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Data from: A model of developmental canalization, applied to human cranial form

Cite this dataset

Mitteroecker, Philipp; Stansfield, Ekaterina (2020). Data from: A model of developmental canalization, applied to human cranial form [Dataset]. Dryad.


Developmental mechanisms that canalize or compensate perturbations of organismal development (targeted or compensatory growth) are widely considered a prerequisite of individual health and the evolution of complex life, but little is known about the nature of these mechanisms. It is even unclear if and how a "target trajectory" of individual development is encoded in the organism's genetic-developmental system or, instead, emerges as an epiphenomenon. Here we develop a statistical model of developmental canalization based on an extended autoregressive model. We show that under certain assumptions the strength of canalization and the amount of canalized variance in a population can be estimated, or at least approximated, from longitudinal phenotypic measurements, even if the target trajectories are unobserved. We extend this model to multivariate measures and discuss reifications of the ensuing parameter matrix. We apply these approaches to longitudinal geometric morphometric data on human postnatal craniofacial size and shape as well as to the size of the frontal sinuses. Craniofacial size showed strong developmental canalization during the first 5 years of life, leading to a 50% reduction of cross-sectional size variance, followed by a continual increase in variance during puberty. Frontal sinus size, by contrast, did not show any signs of canalization. Total variance of craniofacial shape decreased slightly until about 5 years of age and increased thereafter. However, different features of craniofacial shape showed very different developmental dynamics. Whereas the relative dimensions of the nasopharynx showed strong canalization and a reduction of variance throughout postnatal development, facial orientation continually increased in variance. Some of the signals of canalization may owe to independent variation in developmental timing of cranial components, but our results indicate evolved, partly mechanically induced mechanisms of canalization that ensure properly sized upper airways and facial dimensions.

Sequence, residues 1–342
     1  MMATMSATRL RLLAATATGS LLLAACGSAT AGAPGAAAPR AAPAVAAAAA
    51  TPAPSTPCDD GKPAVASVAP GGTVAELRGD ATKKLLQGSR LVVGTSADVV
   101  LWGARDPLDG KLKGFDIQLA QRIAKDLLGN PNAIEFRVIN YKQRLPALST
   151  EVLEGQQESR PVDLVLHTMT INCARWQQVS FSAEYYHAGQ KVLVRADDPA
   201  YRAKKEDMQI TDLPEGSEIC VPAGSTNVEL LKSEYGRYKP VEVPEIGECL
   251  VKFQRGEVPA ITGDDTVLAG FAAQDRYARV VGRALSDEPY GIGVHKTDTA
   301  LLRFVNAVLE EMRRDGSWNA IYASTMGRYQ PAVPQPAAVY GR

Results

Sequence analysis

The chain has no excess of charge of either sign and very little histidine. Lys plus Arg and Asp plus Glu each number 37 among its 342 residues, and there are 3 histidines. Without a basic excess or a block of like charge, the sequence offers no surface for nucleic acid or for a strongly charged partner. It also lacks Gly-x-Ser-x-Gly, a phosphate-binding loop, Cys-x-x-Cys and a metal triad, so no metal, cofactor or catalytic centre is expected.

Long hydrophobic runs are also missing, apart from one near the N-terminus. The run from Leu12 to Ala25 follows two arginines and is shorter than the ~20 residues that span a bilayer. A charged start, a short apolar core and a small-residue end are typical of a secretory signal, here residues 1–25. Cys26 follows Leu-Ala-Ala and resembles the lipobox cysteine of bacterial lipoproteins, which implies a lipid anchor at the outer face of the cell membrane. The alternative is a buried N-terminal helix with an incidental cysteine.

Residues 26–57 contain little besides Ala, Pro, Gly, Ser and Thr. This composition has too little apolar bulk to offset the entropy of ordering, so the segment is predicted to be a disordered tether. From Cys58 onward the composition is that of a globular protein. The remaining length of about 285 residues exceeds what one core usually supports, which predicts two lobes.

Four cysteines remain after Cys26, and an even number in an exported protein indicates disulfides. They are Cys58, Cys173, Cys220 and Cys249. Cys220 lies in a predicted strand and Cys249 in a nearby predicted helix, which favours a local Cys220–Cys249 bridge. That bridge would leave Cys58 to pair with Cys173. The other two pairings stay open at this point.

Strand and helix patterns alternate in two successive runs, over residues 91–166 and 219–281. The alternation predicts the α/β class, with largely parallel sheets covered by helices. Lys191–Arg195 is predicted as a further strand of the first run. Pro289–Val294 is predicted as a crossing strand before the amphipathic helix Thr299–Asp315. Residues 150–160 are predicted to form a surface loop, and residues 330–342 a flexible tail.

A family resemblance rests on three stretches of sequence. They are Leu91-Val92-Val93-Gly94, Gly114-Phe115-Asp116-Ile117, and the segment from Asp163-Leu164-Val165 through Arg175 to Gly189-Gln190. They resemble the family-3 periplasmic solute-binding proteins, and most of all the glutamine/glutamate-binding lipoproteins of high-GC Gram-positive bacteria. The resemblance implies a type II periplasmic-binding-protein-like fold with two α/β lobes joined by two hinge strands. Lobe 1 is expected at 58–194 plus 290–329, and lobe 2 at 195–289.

We studied developmental canalization in human cranial size and shape using a longitudinal sample of 26 untreated individuals (13 girls, 13 boys) from the Denver Growth Study, a longitudinal X-ray study carried out in the US between 1931 and 1966. On a total of 500 lateral radiographs, covering the age range from birth to early adulthood, 18 landmarks were digitized by Ekaterina Stansfield (see Figure 2 of the paper). Six semilandmarks were located on the external outline of the frontal bone, which were allowed to slide along the bone outline so as to minimize the bending energy of the data set around its Procrustes average. Additionally, the area of the lateral projection of the frontal sinuses was measured on every radiograph. Further information on the Denver Growth Study and the original X-rays are available at 

Usage notes

individuals.txt: Contains the sex and the number of measured radiographs for each individual (a total of 500).

age.txt: Contains the individual's age for all 500 measured radiographs.

sinus.txt: Contains the area of the projection of the frontal sinuses for all 500 radiographs.

landmarks.txt: A 500 x 36 array containing the x and y coordinates of all 18 landmarks for all 500 measured radiographs. The coordinates are in units of pixel size, which is 0.15625mm.


FWF Austrian Science Fund, Award: P 29397, P 33736, M 2772

Austrian Science Fund (FWF), Award: P 29397, P 33736, M 2772